And that’s how I found Sandra Arslanian, the singer behind the Indie project Sandmoon, based in Beirut. A number of clips on the Internet led me to this mesmerizing sadcore voice, accompanied by slow and diffused instrumental sounds, minimal, percolated and with the strong but continuous crescendo of folk music. Indie in Lebanon? It’s not that I was surprised, since after all I had spent days listening to Codsi, whose work borders on sound installations and the kind of sounds that accompany found photographs and overexposed negatives in a gallery space. Sandmoon was different; though I could hear the beating latency of anyone who has been to Beirut, the riveting waves, sounds that grow into elliptic and concave forms, and that punctuate the war-scared buildings, there was also a far-away. It wasn’t a distance or a territory. A movable far-away. I knew those distances well, stranded between three countries, so far away from my birthplace.
Encountering Sandra, it wasn’t just about the musician in “différance.” It wasn’t only about music, but about reclaiming a place in reality as our own in order to contest it. Always the politics that we could never agree on, but keeping the sense of humanity and dignity that makes art worth the name. Though rooted in Lebanon, in so many ways, through my work, and through the steel-proof hope that one day it will be a place to live with that dignity we tried to practice, I viewed Lebanon with entirely different eyes; perhaps partly clouded by the fact that my lens is accentuated by the reactionary environment of the Arabian Gulf. Also, in a way, it is interesting, because none of us lived through the Civil War. Do we share a sense of guilt about that? Perhaps so. The far-away emerged rapidly as we became more familiar and quickly an exchange in a language for me almost forgotten – Dutch – ensued, adding another layer of both familiarity and distance from Lebanon.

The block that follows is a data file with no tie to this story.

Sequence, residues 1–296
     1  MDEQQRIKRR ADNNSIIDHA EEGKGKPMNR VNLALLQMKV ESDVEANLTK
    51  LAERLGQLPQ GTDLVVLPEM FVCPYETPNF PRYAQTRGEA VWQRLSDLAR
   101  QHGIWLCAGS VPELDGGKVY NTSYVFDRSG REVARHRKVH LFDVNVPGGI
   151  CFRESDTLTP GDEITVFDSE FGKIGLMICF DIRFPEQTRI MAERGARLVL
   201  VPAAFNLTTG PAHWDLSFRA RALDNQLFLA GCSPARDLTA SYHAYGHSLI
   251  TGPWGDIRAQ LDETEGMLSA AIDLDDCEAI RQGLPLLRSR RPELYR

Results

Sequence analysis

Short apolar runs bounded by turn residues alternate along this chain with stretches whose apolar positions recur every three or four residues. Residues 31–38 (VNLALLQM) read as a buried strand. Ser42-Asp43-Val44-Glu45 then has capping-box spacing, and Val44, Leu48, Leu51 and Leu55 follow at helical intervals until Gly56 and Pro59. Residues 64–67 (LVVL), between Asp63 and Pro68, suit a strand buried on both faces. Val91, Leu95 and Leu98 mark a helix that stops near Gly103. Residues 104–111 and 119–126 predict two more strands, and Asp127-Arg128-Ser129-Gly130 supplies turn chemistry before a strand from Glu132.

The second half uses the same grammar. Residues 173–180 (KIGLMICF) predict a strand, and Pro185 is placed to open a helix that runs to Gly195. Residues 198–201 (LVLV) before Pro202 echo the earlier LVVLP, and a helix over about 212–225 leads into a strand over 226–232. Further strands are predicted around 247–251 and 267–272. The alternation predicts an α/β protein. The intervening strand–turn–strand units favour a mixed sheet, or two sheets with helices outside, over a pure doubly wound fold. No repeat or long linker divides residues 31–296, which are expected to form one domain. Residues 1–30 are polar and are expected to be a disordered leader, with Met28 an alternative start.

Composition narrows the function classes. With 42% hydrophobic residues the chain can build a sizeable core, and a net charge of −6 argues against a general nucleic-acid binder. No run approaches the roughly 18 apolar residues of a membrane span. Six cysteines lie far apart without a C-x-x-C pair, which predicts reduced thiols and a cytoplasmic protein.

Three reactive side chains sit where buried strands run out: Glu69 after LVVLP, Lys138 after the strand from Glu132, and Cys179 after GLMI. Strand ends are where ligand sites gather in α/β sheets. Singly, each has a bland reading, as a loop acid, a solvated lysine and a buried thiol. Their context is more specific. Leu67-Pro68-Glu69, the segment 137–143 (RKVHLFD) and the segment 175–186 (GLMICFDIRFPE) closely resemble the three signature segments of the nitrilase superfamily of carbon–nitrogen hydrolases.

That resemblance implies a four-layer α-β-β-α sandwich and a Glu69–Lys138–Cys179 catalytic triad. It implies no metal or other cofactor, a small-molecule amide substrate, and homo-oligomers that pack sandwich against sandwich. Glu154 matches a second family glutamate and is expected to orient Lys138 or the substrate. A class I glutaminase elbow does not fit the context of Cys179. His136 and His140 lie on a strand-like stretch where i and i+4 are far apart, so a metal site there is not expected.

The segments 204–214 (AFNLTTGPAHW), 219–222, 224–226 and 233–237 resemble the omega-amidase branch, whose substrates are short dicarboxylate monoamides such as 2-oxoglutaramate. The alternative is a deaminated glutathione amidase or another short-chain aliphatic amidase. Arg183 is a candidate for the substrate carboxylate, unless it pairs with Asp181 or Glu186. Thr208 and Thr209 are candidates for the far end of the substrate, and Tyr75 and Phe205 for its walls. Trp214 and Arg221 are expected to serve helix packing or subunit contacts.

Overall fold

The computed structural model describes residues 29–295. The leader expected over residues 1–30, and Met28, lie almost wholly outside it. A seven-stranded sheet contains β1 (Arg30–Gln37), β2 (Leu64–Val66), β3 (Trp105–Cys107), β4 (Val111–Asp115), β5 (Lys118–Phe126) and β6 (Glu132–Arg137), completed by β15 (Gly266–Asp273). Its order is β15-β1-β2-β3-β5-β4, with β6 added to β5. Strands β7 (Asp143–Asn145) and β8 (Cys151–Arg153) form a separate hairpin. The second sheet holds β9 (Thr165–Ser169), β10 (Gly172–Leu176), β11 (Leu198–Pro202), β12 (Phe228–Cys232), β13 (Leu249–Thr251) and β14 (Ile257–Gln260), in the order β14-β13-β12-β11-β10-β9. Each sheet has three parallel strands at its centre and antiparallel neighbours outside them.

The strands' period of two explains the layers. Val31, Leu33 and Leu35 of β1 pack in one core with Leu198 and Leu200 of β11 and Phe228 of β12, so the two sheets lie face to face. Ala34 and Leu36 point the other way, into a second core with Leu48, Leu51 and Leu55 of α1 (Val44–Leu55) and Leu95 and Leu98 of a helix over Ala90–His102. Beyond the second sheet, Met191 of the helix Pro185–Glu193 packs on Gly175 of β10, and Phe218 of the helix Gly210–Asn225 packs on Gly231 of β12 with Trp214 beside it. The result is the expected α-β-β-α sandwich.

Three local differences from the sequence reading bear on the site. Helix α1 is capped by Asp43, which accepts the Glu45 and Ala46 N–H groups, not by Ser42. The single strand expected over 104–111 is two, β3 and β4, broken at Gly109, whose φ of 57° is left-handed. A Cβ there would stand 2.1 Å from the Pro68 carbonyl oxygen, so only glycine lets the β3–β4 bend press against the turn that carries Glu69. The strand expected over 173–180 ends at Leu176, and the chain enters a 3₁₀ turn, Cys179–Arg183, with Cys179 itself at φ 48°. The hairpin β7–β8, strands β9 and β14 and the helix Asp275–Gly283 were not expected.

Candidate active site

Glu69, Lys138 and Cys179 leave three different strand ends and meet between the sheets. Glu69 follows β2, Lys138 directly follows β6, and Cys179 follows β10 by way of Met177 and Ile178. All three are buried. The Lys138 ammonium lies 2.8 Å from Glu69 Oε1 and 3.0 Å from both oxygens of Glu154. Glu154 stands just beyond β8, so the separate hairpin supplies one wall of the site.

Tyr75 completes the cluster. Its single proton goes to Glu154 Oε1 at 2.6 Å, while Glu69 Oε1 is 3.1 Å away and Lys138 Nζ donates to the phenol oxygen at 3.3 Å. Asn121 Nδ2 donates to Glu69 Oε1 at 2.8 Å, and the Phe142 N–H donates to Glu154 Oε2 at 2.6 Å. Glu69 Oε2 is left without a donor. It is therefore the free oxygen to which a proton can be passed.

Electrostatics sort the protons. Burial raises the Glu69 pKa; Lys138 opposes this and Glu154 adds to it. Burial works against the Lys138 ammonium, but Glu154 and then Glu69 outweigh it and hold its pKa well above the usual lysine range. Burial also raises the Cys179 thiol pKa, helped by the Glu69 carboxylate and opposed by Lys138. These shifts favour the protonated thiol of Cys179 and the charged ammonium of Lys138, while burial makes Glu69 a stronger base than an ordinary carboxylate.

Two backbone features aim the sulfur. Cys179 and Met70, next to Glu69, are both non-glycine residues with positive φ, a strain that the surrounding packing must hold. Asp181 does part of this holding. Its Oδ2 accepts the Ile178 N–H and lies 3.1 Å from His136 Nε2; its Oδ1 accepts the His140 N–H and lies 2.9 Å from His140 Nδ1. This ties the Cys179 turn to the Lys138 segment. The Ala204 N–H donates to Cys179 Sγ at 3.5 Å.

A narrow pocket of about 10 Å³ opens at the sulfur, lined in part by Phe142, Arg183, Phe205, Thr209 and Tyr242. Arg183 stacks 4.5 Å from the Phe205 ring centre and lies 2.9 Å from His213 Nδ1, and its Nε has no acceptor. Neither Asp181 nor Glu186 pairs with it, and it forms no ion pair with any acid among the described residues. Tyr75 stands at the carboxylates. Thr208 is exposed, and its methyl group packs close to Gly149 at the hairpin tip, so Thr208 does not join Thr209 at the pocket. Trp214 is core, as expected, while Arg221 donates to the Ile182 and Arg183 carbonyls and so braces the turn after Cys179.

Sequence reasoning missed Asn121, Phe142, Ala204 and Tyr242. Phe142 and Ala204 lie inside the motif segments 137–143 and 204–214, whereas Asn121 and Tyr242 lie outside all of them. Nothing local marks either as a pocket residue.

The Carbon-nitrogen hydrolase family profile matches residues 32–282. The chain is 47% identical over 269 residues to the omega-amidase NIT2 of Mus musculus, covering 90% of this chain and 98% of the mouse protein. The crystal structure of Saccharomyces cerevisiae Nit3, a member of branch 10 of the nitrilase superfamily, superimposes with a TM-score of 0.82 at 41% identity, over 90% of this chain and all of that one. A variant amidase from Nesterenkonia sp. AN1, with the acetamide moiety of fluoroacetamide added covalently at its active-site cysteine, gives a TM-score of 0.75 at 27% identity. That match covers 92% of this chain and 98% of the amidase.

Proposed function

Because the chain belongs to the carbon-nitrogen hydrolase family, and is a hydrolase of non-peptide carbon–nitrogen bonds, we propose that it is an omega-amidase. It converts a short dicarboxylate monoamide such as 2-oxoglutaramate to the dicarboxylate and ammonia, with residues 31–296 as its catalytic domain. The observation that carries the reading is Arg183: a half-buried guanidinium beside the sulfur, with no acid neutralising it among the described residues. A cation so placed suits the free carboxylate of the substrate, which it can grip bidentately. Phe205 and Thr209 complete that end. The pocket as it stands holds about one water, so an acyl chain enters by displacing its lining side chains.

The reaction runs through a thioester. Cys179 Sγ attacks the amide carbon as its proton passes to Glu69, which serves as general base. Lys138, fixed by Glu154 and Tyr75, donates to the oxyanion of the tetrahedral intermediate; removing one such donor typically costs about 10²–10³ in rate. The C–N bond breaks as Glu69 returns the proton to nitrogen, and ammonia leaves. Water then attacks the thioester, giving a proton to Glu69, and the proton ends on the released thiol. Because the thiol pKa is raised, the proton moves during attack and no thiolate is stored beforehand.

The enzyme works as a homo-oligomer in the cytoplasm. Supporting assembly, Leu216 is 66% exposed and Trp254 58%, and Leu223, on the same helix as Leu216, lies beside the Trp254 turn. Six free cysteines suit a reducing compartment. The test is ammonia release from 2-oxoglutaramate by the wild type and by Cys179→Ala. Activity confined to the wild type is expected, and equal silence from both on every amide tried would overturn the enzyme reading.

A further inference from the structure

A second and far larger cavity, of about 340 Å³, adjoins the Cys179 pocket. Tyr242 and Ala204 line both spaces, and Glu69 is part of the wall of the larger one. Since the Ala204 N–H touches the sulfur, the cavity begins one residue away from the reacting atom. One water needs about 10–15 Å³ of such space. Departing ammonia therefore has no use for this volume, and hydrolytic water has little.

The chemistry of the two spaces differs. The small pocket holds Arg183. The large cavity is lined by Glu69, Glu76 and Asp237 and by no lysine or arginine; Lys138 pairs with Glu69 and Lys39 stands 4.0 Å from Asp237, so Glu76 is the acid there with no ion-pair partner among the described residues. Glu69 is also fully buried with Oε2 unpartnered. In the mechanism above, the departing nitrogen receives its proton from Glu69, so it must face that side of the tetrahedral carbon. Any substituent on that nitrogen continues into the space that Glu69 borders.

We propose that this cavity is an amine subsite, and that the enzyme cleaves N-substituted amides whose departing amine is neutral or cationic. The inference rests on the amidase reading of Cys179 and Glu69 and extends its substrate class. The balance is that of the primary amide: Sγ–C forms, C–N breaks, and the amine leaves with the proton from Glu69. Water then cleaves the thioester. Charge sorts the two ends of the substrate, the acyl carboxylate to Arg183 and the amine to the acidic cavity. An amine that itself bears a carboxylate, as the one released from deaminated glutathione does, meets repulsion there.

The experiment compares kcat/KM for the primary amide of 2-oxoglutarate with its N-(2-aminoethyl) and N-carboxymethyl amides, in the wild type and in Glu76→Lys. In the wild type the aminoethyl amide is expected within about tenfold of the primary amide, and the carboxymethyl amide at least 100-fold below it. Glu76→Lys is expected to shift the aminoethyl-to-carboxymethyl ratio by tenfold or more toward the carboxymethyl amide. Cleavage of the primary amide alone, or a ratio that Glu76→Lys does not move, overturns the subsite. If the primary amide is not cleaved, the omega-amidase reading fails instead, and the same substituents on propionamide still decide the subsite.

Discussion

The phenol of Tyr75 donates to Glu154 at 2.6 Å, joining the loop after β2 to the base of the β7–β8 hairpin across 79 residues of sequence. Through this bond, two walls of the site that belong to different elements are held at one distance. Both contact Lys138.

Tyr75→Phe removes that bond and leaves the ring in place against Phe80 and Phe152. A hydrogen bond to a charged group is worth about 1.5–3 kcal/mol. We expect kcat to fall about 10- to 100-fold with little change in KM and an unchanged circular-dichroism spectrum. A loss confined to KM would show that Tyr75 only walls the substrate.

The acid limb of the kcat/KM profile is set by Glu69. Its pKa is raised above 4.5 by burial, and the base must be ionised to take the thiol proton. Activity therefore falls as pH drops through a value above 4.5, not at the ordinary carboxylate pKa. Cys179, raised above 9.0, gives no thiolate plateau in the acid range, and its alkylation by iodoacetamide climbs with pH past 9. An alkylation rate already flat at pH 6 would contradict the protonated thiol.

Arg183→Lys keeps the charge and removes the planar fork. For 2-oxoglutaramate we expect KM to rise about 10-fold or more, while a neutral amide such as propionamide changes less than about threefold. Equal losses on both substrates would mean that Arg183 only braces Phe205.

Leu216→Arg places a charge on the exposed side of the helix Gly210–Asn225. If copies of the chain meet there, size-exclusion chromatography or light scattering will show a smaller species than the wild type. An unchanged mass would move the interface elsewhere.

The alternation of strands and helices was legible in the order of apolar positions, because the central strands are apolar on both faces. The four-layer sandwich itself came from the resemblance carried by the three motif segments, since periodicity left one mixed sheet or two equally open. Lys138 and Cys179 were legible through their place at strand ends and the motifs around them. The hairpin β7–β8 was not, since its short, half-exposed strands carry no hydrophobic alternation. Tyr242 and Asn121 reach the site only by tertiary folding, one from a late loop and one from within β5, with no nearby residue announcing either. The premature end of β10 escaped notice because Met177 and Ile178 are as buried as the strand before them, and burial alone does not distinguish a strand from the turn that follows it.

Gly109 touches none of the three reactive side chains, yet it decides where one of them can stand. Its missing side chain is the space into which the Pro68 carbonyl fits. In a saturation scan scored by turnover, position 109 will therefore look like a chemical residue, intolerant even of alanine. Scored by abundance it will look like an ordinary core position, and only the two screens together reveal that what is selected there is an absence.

And she begins her story: “Beirut, 13th April 1975 (the beginning of the Lebanese Civil War). Ten days later I was born. Seven months later, I boarded a plane with my family and left (read: fled) to Belgium. I am of Armenian origin, conceived and born in Lebanon. I grew up in the West, but at home it was very much the Middle East. It’s both disturbing and enriching. The balance ticks one way or another depending on the circumstances. 32 years in the Benelux and then all of a sudden, an urge to flee again, this time to where I was born. The story of many; many Lebanese, many people whose country is ravaged by war. War, departure, return, the meaning of home (the physical, the emotional, the metaphysical), the quest for identity, nostalgia.” Can Lebanese artists stop licking their own wounds? That’s what art critics often ask me. But what is one to do when the privilege and responsibility of history is denied? When more and more war keeps ravaging it every time?